I have studied social sciences and am very interested in how people behave in groups. Ugly Cashier and Heaven represent different genres but I think that they are also similar in some parts. Both of them have an exciting plot and bigger questions under the surface. I love questioning the conventional truths. Ugly Cashier laughs at superficiality of our society and our efforts to cover it up. We say appearance is not important and at the same time, our behaviour tells the opposite. Also in Heaven I tried to find new perspectives. As a journalist I am often quite frustrated by fragmented knowledge. In one news story we mourn weak economic growth and in another we understand that over-consumption is destroying the earth. Social media encourages us to keep things simple because there is no room for complicated truths. In the novel there is more room for complexity and it can make people think outside the conventional boundaries.
What are your plans for the near future? What can the readers expect?
My next novel, Overtime (Yliaika), will be published next spring. Like Heaven, Overtime is also set in 2050s Helsinki, but it’s a completely different story about death, politics and choices we make. Heaven and Overtime are asking different “what if” questions, just like HBO’s Black Mirror does in every episode. I constantly write or plan new stories and I think it’s a great way to live. It’s also a pleasure to see how your own stories find new audiences. Rights to Heaven have been sold to six countries, and it’s exciting to see what happens next.
Finally, a version of the famous Proust Questionnaire, used by the legendary French journalist Bernard Pivot at the end of every broadcast of his literary television talk show Apostrophes.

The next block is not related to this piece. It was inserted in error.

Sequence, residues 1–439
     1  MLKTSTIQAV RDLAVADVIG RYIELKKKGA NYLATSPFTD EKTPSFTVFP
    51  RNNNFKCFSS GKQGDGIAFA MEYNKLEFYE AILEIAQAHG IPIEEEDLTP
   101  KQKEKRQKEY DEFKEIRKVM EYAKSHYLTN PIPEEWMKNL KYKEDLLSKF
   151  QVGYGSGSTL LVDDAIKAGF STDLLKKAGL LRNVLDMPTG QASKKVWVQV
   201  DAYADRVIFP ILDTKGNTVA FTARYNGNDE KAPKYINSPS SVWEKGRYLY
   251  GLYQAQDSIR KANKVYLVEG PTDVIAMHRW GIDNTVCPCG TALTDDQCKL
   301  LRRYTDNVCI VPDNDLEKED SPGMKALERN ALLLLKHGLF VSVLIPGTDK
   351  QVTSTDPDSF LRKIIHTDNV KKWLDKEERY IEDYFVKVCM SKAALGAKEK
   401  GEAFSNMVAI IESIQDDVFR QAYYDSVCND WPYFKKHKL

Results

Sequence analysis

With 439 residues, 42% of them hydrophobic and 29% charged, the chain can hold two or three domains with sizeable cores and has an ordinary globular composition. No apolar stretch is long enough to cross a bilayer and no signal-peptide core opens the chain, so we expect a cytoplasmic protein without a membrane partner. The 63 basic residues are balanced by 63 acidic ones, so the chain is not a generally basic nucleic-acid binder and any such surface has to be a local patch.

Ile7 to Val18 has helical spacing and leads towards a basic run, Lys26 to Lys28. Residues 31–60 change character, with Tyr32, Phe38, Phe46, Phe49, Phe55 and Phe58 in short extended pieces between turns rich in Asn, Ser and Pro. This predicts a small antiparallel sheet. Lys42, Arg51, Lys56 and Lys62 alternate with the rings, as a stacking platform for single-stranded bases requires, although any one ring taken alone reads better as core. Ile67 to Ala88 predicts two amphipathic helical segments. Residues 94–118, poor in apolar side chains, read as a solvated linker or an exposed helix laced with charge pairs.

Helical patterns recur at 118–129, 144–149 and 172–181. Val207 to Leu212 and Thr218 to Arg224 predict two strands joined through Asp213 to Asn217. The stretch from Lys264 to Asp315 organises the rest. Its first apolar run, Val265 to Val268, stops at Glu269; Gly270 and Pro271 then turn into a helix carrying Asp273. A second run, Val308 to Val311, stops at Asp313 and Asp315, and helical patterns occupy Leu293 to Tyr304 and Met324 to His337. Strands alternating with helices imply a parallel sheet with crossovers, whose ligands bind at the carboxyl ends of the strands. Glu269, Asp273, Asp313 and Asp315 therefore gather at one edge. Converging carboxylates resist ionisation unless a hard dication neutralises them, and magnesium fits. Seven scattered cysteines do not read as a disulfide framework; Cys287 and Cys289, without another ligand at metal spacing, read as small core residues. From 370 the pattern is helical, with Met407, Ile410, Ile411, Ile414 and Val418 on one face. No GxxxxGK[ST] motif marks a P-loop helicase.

What is your favorite word?
Kesäsade (summer rain). It’s impossible to say it without seeing the green and smelling the fresh air.
What is your least favorite word?
Lähtökohtaisesti (hard to translate, quite the same as “in principle”). I hate nonsense. Often the official language means nothing, but people use it so that others don’t notice how little they say.
What turns you on creatively, spiritually or emotionally?
Nature: forests, lakes, light. Beautiful architecture. Poetry, Finnish language.
What turns you off?
Rush, deadlines, conversation culture in Twitter.
What is your favorite curse word?
Vittu (usually translated as “fuck”, but actually means vulva). In the old days people believed that female genitalia had magical powers and it’s interesting that this still is the most popular curse word in Finland.
What sound or noise do you love?
Thunder and almost all other sounds of nature. My singing daughter.
What sound or noise do you hate?
Traffic. TV and radio if I don’t choose to hear them.
What profession other than your own would you like to attempt?
Writing teacher, screenwriter, photographer.
What profession would you not like to do?
Any kind of driver.
If Heaven exists, what would you like to hear God say when you arrive at the Pearly Gates?
“Any questions? I can answer them all.”